photo credit: Kaptain Kobold via photopin cc


The power of commitment

My father was committed. For over thirty years he stayed married to the same woman. He would probably say that it was easy; that he loved her. But thirty years is a long time to be with anyone. It takes perseverance.

My father was committed. He graduated from medical school in 1963 and became a psychiatrist. He practiced well into his 60s. He loved his work. I think he felt like he was contributing to society by helping his patients. He must have felt like he was making a difference in their lives. He must have believed in his work.

My father was committed. Even when I told him I was transitioning from woman to man, he continued to say that he loved me. He didn’t accept me, couldn’t accept me. But he loved me nonetheless. It wasn’t what I wanted but it was something. It showed his commitment to being a better father than the one he had grown up with. By all accounts my grandfather was a difficult, sometimes violent man. My father had a violent temper but he never hit my mother nor did anything more than spank me. Granted, he spanked me a lot. But I probably deserved some of it.

My father was committed. Every day he drank pills that kept him alive. Pills that meant his body would not reject the kidney he received in transplant at age 25. Every day he had to choose to live. How easy it could have been to just stop. To let nature run its course. He once wrote me to say that he had contemplated suicide but that he had decided against it because of the people he would hurt by leaving. He meant our family and his friends. He lived for other people. He was a good person. Flawed, but good.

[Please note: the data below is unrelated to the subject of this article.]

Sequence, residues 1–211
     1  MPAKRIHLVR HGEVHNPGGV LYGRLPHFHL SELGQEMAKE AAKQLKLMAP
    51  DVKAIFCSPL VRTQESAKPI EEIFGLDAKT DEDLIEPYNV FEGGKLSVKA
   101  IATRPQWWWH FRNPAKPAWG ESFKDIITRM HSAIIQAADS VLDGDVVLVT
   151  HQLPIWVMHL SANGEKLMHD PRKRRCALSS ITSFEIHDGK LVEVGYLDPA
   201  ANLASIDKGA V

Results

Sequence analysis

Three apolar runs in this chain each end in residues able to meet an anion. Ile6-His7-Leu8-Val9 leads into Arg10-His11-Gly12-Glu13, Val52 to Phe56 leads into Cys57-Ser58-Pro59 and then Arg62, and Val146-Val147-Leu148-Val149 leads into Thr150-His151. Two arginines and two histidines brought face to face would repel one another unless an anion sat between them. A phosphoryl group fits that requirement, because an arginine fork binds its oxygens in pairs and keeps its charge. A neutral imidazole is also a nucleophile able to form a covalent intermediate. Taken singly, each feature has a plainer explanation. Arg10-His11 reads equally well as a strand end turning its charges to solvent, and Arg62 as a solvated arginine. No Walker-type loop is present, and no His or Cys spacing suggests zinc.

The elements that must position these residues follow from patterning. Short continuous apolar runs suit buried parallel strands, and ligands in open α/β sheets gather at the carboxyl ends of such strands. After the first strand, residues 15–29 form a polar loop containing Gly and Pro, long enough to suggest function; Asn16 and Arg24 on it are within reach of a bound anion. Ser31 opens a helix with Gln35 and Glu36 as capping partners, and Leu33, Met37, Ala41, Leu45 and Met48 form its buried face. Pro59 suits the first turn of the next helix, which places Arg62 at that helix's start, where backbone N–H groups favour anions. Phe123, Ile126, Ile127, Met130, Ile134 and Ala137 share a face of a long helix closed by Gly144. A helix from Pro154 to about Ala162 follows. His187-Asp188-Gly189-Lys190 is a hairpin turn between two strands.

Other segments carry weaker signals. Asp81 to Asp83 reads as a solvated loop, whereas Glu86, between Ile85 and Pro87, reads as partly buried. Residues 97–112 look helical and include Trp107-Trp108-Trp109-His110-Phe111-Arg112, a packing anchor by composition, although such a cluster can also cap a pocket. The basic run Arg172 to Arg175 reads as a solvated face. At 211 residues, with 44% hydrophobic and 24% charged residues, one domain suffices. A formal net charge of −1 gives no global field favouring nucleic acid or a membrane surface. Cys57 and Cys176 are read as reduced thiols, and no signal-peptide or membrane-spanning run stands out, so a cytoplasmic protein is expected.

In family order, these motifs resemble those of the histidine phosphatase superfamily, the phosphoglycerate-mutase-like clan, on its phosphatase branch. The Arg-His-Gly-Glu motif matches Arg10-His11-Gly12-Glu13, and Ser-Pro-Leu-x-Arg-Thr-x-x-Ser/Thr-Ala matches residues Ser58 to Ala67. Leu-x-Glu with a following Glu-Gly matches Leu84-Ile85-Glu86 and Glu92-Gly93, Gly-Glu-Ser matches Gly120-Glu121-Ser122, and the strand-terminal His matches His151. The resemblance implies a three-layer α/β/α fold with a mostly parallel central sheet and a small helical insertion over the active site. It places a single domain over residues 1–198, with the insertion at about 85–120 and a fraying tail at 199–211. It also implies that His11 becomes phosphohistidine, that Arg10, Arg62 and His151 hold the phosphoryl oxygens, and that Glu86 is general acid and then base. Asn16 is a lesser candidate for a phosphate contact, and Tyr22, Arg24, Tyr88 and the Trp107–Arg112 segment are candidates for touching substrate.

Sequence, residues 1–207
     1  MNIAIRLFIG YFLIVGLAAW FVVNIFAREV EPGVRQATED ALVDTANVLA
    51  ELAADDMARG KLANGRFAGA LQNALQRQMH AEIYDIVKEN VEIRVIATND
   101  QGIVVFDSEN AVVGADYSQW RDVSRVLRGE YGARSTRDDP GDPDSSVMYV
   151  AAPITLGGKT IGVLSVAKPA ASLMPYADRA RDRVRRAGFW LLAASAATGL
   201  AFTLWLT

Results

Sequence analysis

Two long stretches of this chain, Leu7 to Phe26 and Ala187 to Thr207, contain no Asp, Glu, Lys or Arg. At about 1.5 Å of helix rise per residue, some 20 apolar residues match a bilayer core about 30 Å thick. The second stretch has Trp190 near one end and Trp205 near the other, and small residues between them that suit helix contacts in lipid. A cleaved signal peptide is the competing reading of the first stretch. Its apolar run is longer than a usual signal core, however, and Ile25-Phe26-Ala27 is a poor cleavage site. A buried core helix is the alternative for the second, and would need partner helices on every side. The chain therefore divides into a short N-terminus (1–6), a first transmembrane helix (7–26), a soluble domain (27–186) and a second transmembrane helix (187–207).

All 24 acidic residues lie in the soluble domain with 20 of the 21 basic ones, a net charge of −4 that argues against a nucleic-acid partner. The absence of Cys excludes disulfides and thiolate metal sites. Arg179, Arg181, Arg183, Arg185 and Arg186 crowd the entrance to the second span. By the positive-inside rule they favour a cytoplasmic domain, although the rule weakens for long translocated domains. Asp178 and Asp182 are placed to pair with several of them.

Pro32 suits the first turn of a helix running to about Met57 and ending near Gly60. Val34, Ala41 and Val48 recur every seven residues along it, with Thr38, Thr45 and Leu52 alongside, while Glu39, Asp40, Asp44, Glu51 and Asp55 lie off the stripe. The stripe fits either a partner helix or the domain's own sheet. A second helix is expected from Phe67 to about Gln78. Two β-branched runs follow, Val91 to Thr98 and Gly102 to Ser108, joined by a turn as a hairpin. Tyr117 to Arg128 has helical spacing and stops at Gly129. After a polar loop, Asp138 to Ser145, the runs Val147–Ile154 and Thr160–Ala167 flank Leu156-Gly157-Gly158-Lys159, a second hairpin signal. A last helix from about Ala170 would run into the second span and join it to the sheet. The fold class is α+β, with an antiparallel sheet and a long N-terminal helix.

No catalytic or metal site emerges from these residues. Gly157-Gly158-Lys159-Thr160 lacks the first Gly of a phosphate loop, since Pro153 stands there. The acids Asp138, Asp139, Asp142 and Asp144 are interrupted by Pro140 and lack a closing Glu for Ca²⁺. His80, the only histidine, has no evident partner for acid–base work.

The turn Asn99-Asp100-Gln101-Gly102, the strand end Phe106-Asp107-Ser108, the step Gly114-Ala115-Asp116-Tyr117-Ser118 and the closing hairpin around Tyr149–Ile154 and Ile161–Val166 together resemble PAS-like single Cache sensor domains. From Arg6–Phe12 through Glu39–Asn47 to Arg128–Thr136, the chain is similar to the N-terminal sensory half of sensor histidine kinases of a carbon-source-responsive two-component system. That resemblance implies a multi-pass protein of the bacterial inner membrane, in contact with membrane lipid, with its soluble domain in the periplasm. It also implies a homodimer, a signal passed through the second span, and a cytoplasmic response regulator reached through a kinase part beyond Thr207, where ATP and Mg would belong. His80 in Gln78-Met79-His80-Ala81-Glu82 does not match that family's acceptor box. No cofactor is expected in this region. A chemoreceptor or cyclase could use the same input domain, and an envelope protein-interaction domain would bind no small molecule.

Around my neck I wear a necklace. A black cord with a silver pendant hanging from it. Imprinted on it is my father’s face. I wear it to remember the man he was and could have been. I wear it because it symbolizes the pain I still carry in me about the way he died, the troubles we ran into in trying to connect with one another. The necklace is a proclamation; it announces to the world that I am my father’s son, even if no one sees his faintly imprinted face at all. He is with me. He is inside me. He is part of me.

I am still learning how to be a man. Turns out it’s not that easy. It demands making decisions that are not clear-cut, like what to devote myself to career-wise, how to be a good partner to my girlfriend, and how to be a good friend to those around me.

My father had a side that was quiet, funny, gentle and under-nurtured. I wish I had gotten to know that side of him better. Because I want to be the man he never got to be. My vulnerabilities are not a weakness and nor was his. But he struggled to show his and suffered nobly the pain his ailing body wreaked on him. I embrace my vulnerability because it is where my strength lies. It’s who I am.